Lockdown in Vrindavan (2)
Here it is April 23, 2020. We have been in lockdown for more than a month. For some time now I have been reluctant to write and especially indifferent about revealing my personal situation. There were a couple of things that I did want to say.
I came back from Canada after a three month stay back in September last year. I think I was already on a bit of a downturn before leaving, with the residue of all that Vrindavan Today business that I went through back then. The whole episode still traumatizes me. Dr. Martins is here on the Jiva premises somewhere, but he is practicing social distancing with vigor and I have barely seen him once or twice since this lockdown started. When I see him I bow my head and give my namaskars and he studiously ignores me or looks the other way.
I am rather ashamed of the way that I responded to the whole incident, especially towards Demian, but he is a difficult person and is impenetrable in his disdain for me and my sinful character. So be it, namo'stu tasmai. It is for my benefit that he acts thus.
No matter. I continue to honor his service and I must say that since Babaji's disciple Vilasa Das, a German who has spent several years in Brazil and speaks fluent Portuguese, has taken over the Grantha Mandir project, a kind of bridge has been formed in which Dr. Martins knowledge and experience are being tapped. For every little thing he does I am grateful and I harbor no ill-will to him. But I am really happy at Vilasa Das's work on the project. He has been getting volunteers to edit and correct texts, as well as to scan and enter new ones, so it is definitely on an upswing for the first time in years.
Interestingly enough, some of the other players in that saga have recently surfaced. In fact, if we are looking for advertisements for the ill effects of Vaishnava aparadha, we need not look much farther than them. One has even written me in a somewhat conciliatory tone, but I will not say anything at this time because I do not have much confidence in his reformation, or indeed complete sanity. But slowly, slowly the whole matter has receded into the mists. I have had little to do with Vrindavan Today for the past year and it seems to be struggling. I would really like to see VT realize its potential, but it is up to Jagannath now. I certainly wish him all the best. My full attention right now is going to Prīti Sandarbha, which is a large project and only assiduous dedication will bring it to completion.
May my offenses to all the devotees and Brajavasis be dispersed so that I may go on serving in the way that my Gurus and the Goswamis have so kindly engaged me.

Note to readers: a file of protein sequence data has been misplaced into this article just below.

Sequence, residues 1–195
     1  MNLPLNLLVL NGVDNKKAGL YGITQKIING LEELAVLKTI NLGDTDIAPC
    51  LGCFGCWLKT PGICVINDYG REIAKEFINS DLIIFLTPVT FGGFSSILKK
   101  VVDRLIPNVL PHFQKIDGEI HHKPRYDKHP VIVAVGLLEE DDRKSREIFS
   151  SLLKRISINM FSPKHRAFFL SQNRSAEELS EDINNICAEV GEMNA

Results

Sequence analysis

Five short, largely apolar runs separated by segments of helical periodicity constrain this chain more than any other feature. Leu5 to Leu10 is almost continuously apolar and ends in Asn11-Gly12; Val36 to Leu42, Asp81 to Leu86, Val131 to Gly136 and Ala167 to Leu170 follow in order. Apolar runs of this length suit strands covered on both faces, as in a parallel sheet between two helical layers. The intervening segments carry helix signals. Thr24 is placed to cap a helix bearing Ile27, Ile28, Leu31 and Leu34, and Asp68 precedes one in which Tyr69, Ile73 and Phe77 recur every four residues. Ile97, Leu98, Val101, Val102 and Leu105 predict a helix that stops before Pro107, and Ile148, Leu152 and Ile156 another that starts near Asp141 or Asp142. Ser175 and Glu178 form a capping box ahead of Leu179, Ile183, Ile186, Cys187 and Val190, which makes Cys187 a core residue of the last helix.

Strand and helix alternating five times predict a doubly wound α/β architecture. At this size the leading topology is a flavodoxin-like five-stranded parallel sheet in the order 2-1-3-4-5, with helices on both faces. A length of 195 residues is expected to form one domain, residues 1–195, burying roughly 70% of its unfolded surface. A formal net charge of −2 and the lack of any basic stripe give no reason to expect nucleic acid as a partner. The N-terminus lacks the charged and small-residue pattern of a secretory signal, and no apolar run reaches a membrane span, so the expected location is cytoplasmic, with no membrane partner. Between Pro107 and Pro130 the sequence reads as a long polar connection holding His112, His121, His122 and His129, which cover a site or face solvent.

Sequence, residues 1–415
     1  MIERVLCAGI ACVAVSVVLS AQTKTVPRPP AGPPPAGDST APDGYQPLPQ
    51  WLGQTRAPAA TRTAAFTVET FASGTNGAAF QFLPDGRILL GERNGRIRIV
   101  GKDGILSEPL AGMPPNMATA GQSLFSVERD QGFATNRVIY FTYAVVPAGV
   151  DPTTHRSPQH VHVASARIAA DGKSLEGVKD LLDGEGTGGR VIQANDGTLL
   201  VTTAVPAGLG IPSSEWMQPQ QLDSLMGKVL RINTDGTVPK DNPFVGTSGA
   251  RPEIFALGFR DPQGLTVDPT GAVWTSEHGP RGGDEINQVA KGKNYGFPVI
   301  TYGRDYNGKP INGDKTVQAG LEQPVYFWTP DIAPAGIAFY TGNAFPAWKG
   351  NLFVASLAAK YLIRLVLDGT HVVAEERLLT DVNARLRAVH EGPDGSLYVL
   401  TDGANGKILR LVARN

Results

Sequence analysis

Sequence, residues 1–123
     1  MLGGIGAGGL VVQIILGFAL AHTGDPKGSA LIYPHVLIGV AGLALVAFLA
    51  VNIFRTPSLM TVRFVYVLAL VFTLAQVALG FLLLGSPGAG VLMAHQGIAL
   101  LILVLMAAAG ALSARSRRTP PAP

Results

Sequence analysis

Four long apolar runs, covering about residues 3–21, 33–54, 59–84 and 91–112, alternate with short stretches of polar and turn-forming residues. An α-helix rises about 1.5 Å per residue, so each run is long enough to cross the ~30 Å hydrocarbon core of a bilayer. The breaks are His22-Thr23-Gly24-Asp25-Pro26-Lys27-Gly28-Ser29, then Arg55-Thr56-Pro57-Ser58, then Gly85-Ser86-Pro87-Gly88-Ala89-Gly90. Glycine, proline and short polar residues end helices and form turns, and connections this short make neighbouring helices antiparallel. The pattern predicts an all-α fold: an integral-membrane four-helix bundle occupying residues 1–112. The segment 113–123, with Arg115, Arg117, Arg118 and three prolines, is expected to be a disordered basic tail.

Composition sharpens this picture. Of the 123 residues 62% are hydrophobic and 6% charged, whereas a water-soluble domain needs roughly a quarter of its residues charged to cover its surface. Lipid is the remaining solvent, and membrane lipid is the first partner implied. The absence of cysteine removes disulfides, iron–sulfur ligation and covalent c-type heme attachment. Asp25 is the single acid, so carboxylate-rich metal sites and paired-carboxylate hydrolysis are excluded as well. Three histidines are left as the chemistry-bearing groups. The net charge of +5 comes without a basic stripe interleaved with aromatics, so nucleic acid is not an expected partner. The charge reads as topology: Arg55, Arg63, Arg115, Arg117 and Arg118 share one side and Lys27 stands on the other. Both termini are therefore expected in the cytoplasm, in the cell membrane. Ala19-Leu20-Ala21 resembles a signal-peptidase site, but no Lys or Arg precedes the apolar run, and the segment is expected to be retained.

I have been wanting to write a little something about my visit last summer to Montreal. It has been nearly a year now since I went and only now do I feel that I am recovering from it. That is one of the reasons that I have not spoken of it or of my mental condition since returning. I was hopeful that during the three months that I was to spend in Canada I would have the opportunity to make some friends in the Vaishnava community there, but I found that there was very little interest in me. I went with some pride, I must admit, that having lived in Braj for so many years that I would hold some attraction for the devotees, but even on the occasions I did have to speak to [small] audiences I was unable to make a connection. Moreover, when I went to ISKCON I was treated with suspicion, understandably I must admit, since they are naturally competitive and treat me like a wolf who is in search of their lambs. Before I left, Babaji admonished me for not having a plan. He said that his foreign trips are preceded by at least a year's planning and indeed that was true.
On almost the first day of arrival back in Vrindavan in September, I lost my passport. The Canadian consular services replaced it with a two-year passport. My visa situation still has not been properly taken care of, so it is inevitable that either this year or next, I will have to do it all over again, in which case I certainly hope that I will make better use of my time.
Despite my current incertitude about my status here, I have made an application for Indian citizenship. I wish to write more about this at some other time, but despite all that has changed here, there is still no place for a devotee like Vrindavan. Even now, in the lockdown, there has been a great reduction in noise and activity. Even though I am shut away on the Jiva Institute campus and haven't been able to move about and see the current situation outside, the general atmosphere feels more like the old days when Braj was a sleepy backwater and people spent a lot more time just doing bhajan.
The hot season is here and that seems to be the most appropriate time for life in Vrindavan, with its natural influence. (though I must admit it has been mild and there have been several cloudy days with rain, temperatures have yet to exceed 40 degrees. Somehow the hot season is my preferred time in Braj, as I wrote nostalgically in this post a few years ago: Vrindavan heat stirs up old bhajan memories.